Thanskgiving: Winding Up

I didn't use my computer this holiday weekend.  After a lazy Thanksgiving day, I was busy shopping, cleaning, and moving furniture.  My older son had been begging me for months to remove his double bed from his room and replace it with something smaller, since the antique bed took up more than half the room and didn't give him any space to move around much or relax.  After scanning piles of ads for Black Friday sales, I found two stores selling futons at bargain prices.  Luckily, the futon box fit in the back of my station wagon.  But moving furniture was the easy part of this process--cleaning my son's room, especially under his bed, was another matter.  After two days of vacuuming, tossing out food wrappers, scrubbing stains on the carpet, etc., his room now resembles a comfortable den, cozy but with room to stretch out.  My husband and I are both eyeing this space greedily, anticipating my son's departure for college three years in the future and the potential knitting/spinning/sewing room or office this area could accomodate.  We are neither eager nor ready for our son to leave home, but the challenges of four people (three quite large) living in a relatively small house can be difficult at times.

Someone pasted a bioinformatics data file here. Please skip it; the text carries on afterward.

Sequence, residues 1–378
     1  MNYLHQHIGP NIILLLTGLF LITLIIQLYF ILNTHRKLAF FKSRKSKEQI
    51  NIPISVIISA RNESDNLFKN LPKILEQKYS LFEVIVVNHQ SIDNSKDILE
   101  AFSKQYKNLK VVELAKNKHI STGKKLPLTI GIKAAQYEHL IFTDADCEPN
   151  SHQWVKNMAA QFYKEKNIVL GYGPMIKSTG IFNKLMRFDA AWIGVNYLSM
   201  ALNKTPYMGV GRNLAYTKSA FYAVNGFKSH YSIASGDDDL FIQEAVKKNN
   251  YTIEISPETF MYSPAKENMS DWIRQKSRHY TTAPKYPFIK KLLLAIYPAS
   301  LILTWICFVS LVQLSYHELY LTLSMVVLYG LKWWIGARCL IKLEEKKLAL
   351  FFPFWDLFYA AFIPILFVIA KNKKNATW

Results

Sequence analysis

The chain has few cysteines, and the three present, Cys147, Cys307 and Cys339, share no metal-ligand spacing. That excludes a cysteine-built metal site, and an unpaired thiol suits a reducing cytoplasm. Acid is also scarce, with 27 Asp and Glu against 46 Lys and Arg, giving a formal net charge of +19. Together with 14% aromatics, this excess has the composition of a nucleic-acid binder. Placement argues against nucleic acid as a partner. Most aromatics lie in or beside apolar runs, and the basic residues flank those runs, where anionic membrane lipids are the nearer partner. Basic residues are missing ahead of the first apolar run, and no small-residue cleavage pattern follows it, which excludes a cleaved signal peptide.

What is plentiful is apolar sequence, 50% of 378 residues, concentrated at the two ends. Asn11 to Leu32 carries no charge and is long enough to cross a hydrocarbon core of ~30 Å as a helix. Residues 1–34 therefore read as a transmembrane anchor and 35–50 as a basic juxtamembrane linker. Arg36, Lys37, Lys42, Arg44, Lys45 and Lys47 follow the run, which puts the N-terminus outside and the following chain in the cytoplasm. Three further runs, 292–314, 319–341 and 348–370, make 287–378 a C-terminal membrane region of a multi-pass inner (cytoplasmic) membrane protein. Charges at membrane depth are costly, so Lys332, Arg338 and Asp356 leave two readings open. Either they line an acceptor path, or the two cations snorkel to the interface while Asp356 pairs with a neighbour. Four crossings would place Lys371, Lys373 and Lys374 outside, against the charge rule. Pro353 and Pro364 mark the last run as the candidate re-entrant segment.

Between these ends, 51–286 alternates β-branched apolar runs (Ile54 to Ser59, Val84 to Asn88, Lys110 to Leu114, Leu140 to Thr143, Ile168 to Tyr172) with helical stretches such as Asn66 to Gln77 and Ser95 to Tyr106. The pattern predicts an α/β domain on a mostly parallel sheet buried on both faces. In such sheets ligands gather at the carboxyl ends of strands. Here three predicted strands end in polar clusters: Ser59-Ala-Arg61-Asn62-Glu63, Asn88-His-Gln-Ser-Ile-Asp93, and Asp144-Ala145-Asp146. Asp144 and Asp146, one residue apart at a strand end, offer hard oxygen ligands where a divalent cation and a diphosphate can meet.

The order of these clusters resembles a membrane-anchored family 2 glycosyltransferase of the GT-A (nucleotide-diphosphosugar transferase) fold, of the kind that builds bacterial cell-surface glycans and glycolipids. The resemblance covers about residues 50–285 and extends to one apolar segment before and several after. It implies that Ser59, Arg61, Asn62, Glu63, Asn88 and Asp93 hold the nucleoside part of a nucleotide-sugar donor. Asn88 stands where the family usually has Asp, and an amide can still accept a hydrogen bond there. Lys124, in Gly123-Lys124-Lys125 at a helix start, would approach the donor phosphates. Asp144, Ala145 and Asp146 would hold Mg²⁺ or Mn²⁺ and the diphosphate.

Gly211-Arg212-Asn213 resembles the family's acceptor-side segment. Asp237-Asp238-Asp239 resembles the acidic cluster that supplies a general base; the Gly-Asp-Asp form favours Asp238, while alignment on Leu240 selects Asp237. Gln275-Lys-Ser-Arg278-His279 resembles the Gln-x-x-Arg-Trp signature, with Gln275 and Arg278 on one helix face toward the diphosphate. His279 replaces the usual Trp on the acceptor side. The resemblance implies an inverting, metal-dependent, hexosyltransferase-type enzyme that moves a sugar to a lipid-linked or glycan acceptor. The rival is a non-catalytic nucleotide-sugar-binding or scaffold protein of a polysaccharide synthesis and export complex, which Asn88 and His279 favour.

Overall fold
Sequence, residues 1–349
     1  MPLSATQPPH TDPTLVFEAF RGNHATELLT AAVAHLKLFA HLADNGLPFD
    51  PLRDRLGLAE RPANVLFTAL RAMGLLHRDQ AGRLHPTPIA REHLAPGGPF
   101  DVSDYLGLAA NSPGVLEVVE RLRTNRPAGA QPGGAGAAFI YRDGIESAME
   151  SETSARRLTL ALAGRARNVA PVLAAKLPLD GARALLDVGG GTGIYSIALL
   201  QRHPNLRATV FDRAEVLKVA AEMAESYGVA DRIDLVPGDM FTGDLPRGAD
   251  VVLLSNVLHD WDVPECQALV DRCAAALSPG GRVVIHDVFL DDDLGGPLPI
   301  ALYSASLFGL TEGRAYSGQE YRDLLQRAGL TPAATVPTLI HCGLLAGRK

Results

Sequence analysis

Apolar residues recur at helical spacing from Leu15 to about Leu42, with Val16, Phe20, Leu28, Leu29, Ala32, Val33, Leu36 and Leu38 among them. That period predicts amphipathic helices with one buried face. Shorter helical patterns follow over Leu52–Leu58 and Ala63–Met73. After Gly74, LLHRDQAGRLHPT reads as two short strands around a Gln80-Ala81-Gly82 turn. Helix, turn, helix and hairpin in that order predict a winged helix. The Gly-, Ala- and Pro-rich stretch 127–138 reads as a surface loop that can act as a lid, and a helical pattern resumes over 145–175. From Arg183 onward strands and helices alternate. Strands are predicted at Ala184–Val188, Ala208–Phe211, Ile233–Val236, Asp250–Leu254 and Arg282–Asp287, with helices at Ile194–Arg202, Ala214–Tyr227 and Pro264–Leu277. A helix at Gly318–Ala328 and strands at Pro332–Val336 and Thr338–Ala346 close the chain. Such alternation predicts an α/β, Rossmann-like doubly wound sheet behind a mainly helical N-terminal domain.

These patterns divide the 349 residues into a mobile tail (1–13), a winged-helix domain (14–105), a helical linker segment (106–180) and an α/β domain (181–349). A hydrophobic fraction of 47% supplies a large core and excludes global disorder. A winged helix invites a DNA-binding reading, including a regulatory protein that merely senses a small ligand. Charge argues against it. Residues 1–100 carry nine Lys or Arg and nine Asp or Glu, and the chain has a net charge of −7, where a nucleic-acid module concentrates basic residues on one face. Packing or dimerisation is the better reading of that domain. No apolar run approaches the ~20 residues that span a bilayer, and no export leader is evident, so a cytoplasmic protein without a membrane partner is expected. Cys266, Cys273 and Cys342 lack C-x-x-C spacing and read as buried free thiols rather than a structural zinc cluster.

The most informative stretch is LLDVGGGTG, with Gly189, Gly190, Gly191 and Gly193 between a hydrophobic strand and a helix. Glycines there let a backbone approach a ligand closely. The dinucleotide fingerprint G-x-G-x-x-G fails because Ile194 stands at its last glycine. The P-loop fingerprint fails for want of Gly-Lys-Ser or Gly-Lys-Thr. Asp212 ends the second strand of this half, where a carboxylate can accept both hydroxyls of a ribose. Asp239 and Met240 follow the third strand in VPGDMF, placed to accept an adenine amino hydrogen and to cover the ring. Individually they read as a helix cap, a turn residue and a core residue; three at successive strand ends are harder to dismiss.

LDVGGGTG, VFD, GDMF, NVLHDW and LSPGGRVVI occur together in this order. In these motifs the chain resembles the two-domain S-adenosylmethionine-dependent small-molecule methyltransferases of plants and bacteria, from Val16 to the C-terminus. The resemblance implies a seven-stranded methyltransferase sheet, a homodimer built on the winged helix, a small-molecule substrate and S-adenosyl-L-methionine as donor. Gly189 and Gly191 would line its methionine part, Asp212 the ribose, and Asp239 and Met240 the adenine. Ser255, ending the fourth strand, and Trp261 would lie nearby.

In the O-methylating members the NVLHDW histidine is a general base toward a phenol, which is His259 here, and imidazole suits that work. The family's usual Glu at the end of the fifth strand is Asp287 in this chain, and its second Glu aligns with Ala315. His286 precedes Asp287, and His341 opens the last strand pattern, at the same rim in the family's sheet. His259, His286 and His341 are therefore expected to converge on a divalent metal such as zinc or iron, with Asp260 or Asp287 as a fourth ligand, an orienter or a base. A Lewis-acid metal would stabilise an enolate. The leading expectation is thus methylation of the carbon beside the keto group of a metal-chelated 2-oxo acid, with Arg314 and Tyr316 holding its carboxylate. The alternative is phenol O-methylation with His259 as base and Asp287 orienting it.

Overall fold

My house is located on a street of modest houses in a pre-planned community, one that attempts to create a nineteenth century village feel.  There are Charleston-style row houses, craftsman bungalows, brick row houses, and a myriad of homes in other styles.  My town is one of the first of such mixed pre-planned, pedestrian friendly, and incorporated communities, where income levels and ages vary.  There is even an area with maintenance-free ranches for senior citizens.  In the 1990s, billboards on a major local highway used to advertise this community with the slogan, “Union County’s finest neighborhood” and people used to jokingly compare my town to the one featured in the movie The Truman Show.  Now, however, after years of rapid growth and development, my house is located on the less fashionable side of town.  A year or two before the real estate bubble burst, it seemed that everyone was moving across the highway, to an area with bigger yards, better schools, and closer upscale (or at least a step above our nearby Wal-mart) shopping.  Before the recent economic downturn, I used to feel stigmatized by the lack of status my home represented.  My blue collar neighbors were moving up and out, but my family had to stay behind in our small (by recent standards anyway) house.  We have no bonus room for a flat screen TV (we don’t have one of those yet, either), no extra bedroom, or space for an office.  Heck, we don’t even have room for the ubiquitous island in the kitchen.